Skip to comments.German fortification, Normandy, World War II (photo)
Posted on 05/16/2019 10:58:29 AM PDT by ransomnote
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Actually, I was thinking more like the piece of armor that PUGACHEV was referring to at the Navy Yard museum. Went there when I was a lad, and was very impressed by it, as well as the find display models they had inside.
But yeah, if the Nevada/Arkansas/Rodnol, etc. had hit it, it most likely would have been found a field or two away from its original location.
LOL, GIs would have been walking by looking at it and thinking “What the hell is that thing?”
Granted, they may have fired a thousand rounds at it!!!!
Yep, up to 1,000 yards. In Navy speak, thats point blank.
According to the Netflix film on D-Day, 5 made it ashore. After that, ???.
well the Navy cheated and had a LCDR w/radio spotting shot from our hilltop position.
“I’ve been to Normandy a couple of times. Hallowed ground.”
There was a ship full of us going there for April 27th. Bad, typhoon like winds, blocked the French ports from our itinerary and we never set foot in France or Belgium this trip. It was the Rotterdam sailing from Tampa to Holland.
Looks like somebody was using it for target practice.
YES! Appears to be the case.
Fort de la Cité dAlet, St Malo Roman to WW2 German fortifications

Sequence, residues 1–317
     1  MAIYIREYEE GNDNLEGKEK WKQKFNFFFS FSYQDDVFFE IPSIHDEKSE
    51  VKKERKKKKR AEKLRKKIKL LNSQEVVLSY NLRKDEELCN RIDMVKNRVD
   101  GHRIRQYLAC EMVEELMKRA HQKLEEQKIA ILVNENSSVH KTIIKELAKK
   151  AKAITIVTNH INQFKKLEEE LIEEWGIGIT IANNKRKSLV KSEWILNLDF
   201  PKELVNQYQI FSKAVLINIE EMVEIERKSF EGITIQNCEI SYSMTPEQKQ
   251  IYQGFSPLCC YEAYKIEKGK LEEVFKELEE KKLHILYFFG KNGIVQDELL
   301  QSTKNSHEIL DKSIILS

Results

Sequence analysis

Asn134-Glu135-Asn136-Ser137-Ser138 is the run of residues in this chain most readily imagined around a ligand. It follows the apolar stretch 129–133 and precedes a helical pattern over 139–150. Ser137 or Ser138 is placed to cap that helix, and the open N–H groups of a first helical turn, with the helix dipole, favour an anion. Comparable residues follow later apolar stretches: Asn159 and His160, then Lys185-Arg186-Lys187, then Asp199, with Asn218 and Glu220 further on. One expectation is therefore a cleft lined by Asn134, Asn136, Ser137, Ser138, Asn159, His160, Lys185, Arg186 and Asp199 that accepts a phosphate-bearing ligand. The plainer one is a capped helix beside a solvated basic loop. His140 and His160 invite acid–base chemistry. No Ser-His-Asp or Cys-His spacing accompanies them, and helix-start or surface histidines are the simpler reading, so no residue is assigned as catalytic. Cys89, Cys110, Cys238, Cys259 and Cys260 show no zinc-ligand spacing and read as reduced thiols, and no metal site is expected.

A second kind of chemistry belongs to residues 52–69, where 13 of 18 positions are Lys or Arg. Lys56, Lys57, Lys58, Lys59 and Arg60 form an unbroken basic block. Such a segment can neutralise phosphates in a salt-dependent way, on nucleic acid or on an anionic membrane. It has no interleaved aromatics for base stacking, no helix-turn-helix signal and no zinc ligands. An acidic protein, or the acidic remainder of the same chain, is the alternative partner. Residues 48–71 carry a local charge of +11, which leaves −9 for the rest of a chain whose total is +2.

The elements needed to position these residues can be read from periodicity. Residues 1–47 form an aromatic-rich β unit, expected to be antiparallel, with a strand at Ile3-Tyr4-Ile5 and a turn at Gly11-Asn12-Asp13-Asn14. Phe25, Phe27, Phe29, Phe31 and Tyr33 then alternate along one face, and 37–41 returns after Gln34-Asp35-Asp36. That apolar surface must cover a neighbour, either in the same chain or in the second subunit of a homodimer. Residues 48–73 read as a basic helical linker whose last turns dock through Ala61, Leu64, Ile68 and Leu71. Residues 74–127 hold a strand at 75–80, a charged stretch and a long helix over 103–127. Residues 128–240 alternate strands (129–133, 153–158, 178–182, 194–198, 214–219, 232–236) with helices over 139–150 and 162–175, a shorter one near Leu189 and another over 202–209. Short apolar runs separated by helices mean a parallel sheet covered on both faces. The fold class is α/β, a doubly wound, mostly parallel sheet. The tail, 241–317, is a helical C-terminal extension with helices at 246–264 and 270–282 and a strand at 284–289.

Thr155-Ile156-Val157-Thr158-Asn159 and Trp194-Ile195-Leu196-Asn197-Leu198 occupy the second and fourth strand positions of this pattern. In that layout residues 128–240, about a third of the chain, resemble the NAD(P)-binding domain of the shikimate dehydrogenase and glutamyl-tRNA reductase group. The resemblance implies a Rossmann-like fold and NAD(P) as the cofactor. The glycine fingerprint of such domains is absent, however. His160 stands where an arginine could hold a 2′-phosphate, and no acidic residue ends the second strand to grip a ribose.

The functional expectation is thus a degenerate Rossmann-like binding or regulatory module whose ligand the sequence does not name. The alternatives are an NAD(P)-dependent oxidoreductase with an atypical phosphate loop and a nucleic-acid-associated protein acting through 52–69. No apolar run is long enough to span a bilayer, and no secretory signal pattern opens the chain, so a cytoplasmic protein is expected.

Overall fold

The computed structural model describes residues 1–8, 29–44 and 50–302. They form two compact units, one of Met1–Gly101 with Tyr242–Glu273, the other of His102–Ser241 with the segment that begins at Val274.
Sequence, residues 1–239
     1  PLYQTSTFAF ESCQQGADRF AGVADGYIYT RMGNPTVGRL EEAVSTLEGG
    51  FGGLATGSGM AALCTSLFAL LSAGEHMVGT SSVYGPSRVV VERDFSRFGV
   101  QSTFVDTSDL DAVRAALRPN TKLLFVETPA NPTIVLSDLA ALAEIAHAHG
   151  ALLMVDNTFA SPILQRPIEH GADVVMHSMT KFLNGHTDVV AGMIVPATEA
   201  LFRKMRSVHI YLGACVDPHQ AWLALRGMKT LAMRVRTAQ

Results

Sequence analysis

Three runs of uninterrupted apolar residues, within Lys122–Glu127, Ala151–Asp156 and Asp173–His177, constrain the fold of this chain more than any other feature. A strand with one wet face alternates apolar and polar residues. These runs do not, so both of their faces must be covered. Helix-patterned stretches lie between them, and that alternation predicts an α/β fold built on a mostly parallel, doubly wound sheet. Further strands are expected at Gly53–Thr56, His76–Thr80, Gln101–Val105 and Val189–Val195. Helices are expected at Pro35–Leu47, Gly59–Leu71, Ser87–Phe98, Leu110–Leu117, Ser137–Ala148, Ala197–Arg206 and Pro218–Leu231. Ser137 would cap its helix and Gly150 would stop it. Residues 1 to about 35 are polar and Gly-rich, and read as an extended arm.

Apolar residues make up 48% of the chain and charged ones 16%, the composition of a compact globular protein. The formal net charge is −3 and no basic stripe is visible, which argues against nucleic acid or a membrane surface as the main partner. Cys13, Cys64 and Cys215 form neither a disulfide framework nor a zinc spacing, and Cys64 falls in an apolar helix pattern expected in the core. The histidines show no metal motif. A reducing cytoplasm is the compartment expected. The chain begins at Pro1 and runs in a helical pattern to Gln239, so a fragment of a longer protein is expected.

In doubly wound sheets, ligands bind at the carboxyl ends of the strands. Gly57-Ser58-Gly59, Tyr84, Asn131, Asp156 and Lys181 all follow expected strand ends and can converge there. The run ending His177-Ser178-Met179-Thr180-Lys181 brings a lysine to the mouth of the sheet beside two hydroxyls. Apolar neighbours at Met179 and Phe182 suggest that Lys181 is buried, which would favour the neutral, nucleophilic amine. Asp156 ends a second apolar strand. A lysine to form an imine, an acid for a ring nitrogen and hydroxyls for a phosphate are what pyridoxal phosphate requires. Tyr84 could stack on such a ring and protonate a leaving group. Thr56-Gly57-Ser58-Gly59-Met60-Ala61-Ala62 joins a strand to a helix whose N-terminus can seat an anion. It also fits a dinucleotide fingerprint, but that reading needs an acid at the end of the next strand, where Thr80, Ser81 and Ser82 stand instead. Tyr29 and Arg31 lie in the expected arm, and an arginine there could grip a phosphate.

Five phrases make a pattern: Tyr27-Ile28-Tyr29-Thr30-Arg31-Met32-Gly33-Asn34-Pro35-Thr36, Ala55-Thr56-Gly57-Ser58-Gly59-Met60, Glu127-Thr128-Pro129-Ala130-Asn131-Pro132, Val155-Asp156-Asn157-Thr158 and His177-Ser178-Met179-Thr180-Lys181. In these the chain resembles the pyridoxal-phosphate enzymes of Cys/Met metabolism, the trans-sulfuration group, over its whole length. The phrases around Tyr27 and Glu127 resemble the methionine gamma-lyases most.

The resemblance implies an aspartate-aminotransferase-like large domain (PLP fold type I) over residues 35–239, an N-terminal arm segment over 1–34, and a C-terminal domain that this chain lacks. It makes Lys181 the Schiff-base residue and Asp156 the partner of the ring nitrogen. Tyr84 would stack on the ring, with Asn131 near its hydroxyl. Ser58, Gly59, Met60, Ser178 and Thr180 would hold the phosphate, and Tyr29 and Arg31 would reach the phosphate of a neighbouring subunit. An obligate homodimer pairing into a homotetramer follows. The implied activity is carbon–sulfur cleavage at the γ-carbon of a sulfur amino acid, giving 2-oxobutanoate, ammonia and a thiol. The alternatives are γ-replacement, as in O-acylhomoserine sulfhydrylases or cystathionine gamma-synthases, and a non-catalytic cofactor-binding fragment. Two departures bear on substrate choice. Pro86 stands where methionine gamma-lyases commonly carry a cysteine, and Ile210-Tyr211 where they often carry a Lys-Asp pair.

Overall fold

The most striking things that you will see at the Cité dAlet are the armoured steel turrets along what is a very picturesque walk around the promontory. They are literally peppered by shell fire. But the vast majority of the shell fire is not as a result of the battle which raged around St Malo for nearly two weeks
No its a demonstration of the strength of these turrets, as after the battle, the Americans brought up various tanks and other anti-tank weapons into range and fired at them to see how much punishment they would take. It is incredible to see that virtually all the hits show shells bouncing off or merely embedding themselves into the armoured steel without penetrating it. I found only one shell hole which had penetrated the cupola straight through, whilst one other shell appears to have found a way in at the point where the moveable gun port shield slots into the turret...
I’ve been to both the US and German cemeteries in Luxembourg. Both well kept, but a totally different vibe.
Good Timing! Today Indy Neidell posted a special video about The Maginot Line today.
In 1977,1988 laws were enacted that extended some veteran benefits to merchant marine sailors that had sailed during WWII. It was not full recognition, but it helped some of those men.
I’d hate to have been inside that bell when it was rung.
For another Civil War comparison, crews of USN “Monitors” only lasted at most a few months before being relieved with mental and physical problems. (This was without being struck, just from normal operations and outgoing fire.)
There was little understanding of carbon monoxide or noise damage in the 1860s. Cotton balls stuffed in their ears were of little use. The decibels inside a Monitor firing its guns were excruciating. The Monitor sailors were totally wrecked humans after only short weeks or months of duty. Wrecked humans.
Those measures were quite limited. They did not cover my uncle, for example, or other men on the North Atlantic run.
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